x2 y2 + =1 a 2 b2

coordinates (2.69), (2.99)

h2 1 µ 1 − e2 √ b = a 1 − e2

3. Semimajor axis (2.61), (2.93) 4. Semiminor axis (2.66), (2.96) 5. Energy equation (2.71), (2.101) 6. Mean anomaly (3.4), (3.31) 7. Kepler’s equation (3.11), (3.37) 8.

Hyperbola (e > 1) same x2 y2 − =1 a 2 b2 h2 1 µ e2 − 1 √ b = a e2 − 1

a=

a=

µ v2 µ − =− 2 r 2a µ2 3 Me = 3 (1 − e 2 ) 2 t h Me = E − e sin E

v2 µ µ − = 2 r 2a µ2 2 3 Mh = 3 (e − 1) 2 t h Mh = e sinh F − F r = a(e cosh F − 1)

Orbit equation in terms of eccentric r = a(1 − e cos E) anomaly (3.22), (3.43)

variable is zero, then the value of χ at time t0 + t is found by iterative solution of the universal Kepler’s equation r0 vr0 √ µt = √ χ 2 C(αχ 2 ) + (1 − αr0 )χ 3 S(αχ 2 ) + r0 χ (3.46) µ in which r0 and vr0 are the radius and radial velocity at t = t0 , and α is the reciprocal of the semimajor axis 1 (3.47) a α < 0, α = 0 and α > 0 for hyperbolas, parabolas and ellipses, respectively. The units 1 of χ are km 2 (so αχ 2 is dimensionless). The functions C(z) and S(z) belong to the class known as Stumpff functions, and they are defined by the infinite series, α=

S(z) =

∞  k=0

(−1)k

zk 1 z z2 z3 z4 = − + − + (2k + 3)! 6 120 5040 362 880 39 916 800 −

C(z) =

∞  k=0

( − 1)k

z5 + ··· 6 227 020 800

(3.48a)

1 z z2 z3 z4 zk = − + − + (2k + 2)! 2 24 720 40 320 3 628 800 −

z5 + ··· 479 001 600

(3.48b)

136 Chapter 3 Orbital position as a function of time

12 10 8 6 4 2

0.5 0.4 C(z)

0.03 C(z)

0.3

C(z)

0.02

0.2 S(z)

0 50 40302010 0 z

Figure 3.19

0.04

0.1

0.01

S(z)

S(z)

0

0 0

10

20 z

30

0 100 200 300 400 500 z

A plot of the Stumpff functions C(z) and S(z).

C(z) and S(z) are related to the circular and hyperbolic trig functions as follows:  √ √ z − sin z    (z > 0) √   ( z)3   √ √  −z − −z (z < 0) S(z) = sinh √ (3.49) (z = αχ 2 )  3  ( −z)     1   (z = 0) 6  √ 1 − cos z    (z > 0)   z   √  C(z) = cosh −z − 1 (z < 0) (3.50) (z = αχ 2 )   −z     1   (z = 0) 2 Clearly, z < 0, z = 0 and z > 0 for hyperbolas, parabolas and ellipses, respectively. It should be pointed out that if C(z) and S(z) are computed by the series expansions, Equations 3.48a and 3.48b, then the forms of C(z) and S(z), depending on the sign of z, are selected, so to speak, automatically. C(z) and S(z) behave as shown in Figure 3.19. Both C(z) and S(z) are non-negative functions of z. They increase without bound as z approaches −∞ and tend towards zero for large √ positive values of z. As can be seen from Equation 3.501 , for z > 0 C(z) = 0 when cos z = 1, that is, when z = (2π)2 , (4π )2 , (6π)2 , …. The price we pay for using the universal variable formulation is having to deal with the relatively unknown Stumpff functions. However, Equations 3.49 and 3.50 are easy to implement in both computer programs and programmable calculators. See Appendix D.4 for the implementation of these expressions in MATLAB. To gain some insight into how Equation 3.46 represents the Kepler equations for all of the conic sections, let t0 be the time at periapse passage and let us set t0 = 0, as we have assumed previously. Then t = t, vr0 = 0 and r0 equals rp , the periapse radius. In that case Equation 3.46 reduces to √ µt = (1 − αrp )χ 3 S(αχ 2 ) + rp χ (t = 0 at periapse passage) (3.51)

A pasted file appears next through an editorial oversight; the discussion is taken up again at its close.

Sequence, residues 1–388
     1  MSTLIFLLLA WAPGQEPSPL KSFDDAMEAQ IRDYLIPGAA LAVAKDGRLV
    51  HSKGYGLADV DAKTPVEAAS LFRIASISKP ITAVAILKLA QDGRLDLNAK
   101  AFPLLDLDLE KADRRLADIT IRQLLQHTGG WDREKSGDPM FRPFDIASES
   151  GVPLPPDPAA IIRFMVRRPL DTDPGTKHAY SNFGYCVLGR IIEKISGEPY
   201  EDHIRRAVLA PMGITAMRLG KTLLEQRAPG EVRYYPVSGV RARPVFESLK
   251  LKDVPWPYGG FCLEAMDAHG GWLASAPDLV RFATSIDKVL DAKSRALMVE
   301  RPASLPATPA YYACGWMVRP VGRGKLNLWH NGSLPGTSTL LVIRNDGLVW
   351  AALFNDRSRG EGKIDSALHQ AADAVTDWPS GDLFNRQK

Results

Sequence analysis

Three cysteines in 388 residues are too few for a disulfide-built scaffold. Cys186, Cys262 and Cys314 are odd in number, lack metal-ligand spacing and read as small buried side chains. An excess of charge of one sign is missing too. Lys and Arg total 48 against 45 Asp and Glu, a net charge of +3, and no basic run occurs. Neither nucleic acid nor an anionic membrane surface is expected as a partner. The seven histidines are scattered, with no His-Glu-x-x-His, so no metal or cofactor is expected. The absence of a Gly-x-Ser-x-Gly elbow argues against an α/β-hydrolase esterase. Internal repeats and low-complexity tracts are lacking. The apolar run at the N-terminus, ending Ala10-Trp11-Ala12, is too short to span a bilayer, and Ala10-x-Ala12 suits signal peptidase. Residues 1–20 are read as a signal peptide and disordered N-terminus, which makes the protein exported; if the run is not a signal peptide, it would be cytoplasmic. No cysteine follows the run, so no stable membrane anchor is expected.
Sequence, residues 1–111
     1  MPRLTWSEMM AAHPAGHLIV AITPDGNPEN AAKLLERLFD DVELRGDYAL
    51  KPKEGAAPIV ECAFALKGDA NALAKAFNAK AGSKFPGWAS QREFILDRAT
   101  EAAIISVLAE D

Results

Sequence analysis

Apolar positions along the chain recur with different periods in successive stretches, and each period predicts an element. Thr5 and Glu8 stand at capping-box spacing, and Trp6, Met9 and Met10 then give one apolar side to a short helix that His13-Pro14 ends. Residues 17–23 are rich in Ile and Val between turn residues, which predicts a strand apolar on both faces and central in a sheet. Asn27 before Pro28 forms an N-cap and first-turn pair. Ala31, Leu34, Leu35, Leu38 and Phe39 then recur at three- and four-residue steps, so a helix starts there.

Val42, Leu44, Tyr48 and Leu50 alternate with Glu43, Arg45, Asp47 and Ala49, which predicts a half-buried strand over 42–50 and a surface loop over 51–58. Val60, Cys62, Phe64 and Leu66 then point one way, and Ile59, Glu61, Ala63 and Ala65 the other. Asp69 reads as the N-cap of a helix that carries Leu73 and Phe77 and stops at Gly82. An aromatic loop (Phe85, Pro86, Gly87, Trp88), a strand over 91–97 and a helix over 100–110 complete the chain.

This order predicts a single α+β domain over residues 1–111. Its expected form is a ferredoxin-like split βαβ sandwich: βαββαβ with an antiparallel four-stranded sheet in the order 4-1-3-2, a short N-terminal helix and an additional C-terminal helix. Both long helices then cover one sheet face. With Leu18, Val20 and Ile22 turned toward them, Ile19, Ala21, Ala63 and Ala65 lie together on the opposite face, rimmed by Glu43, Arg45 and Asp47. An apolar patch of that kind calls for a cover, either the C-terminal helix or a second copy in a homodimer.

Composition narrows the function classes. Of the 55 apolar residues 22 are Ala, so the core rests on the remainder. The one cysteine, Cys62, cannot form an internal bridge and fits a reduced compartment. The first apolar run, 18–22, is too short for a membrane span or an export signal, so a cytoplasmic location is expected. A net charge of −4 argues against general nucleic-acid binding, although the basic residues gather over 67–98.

3.7 Universal variables

137

Consider first the parabola. In that case α = 0 and S = S(0) = 1/6, so that Equation 3.51 becomes a cubic polynomial in χ , 1 √ µt = χ 3 + rp χ 6 √ Multiply this equation through by ( µ/h)3 to obtain  √ 3  √  µ µ2 1 χ µ 3 t = + r χ p 3 h 6 h h Since rp = h2 /2µ for a parabola, we can write this as  √ 3 √  µ µ µ2 1 1 t= χ + χ (3.52) h3 6 h 2 h √ Upon setting χ = h tan(θ/2)/ µ, Equation 3.52 becomes identical to Equation 3.27, the time versus true anomaly relation for the parabola. Kepler’s equation for the ellipse can be obtained by multiplying Equation 3.51  3 through by µ(1 − e 2 )/h : 3  √  3 µ µ2  2 2 2 1−e t= χ 1−e (1 − αrp )S(z) h3 h 3 √  µ 2 + rp χ 1−e (z = αχ 2 ) h

(3.53)

Recall that for the ellipse, rp = h2 /[µ(1 + e)] and α = 1/a = µ(1 − e 2 )/h2 . Using these √ % 3 √ two expressions in Equation 3.53, along with S(z) = αχ − sin ( αχ ) α 2 χ 3 (from Equation 3.491 ), and working through the algebra ultimately leads to   χ χ Me = √ − e sin √ a a Comparing this with Kepler’s equation for an ellipse (Equation 3.11) reveals that √ the relationship between the universal variable χ and the eccentric anomaly E is χ = aE. √ Similarly, it can be shown for hyperbolic orbits that χ = −aF. In summary, the universal anomaly χ is related to the previously encountered anomalies as follows:  h θ   tan parabola   √µ 2 √ χ= (3.54) aE ellipse (t0 = 0, at periapsis)     √ −aF hyperbola When t0 is the time at a point other than periapsis, so that Equation 3.46 applies, then Equations 3.54 become    h θ0 θ   − tan parabola tan   √µ 2 2 √ χ= (3.55) a(E − E0 ) ellipse    √  −a(F − F0 ) hyperbola

138 Chapter 3 Orbital position as a function of time

As before, we can use Newton’s method to solve Equation 3.46 for the universal anomaly χ , given the time interval t. To do so, we form the function r0 vr0 √ (3.56) f (χ ) = √ χ 2 C(z) + (1 − αr0 )χ 3 S(z) + r0 χ − µt µ and its derivative df (χ ) r0 vr0 r0 vr0 dC(z) dz = 2 √ χ C(z) + √ χ 2 dχ µ µ dz dχ + 3(1 − αr0 )χ 2 S(z) + (1 − r0 α)χ 3

dS(z) dz + r0 dz dχ

(3.57)

where it is to be recalled that z = αχ 2

(3.58)

dz = 2αχ dχ

(3.59)

which means of course that

It turns out that 1 dS(z) = [C(z) − 3S(z)] dz 2z

(3.60)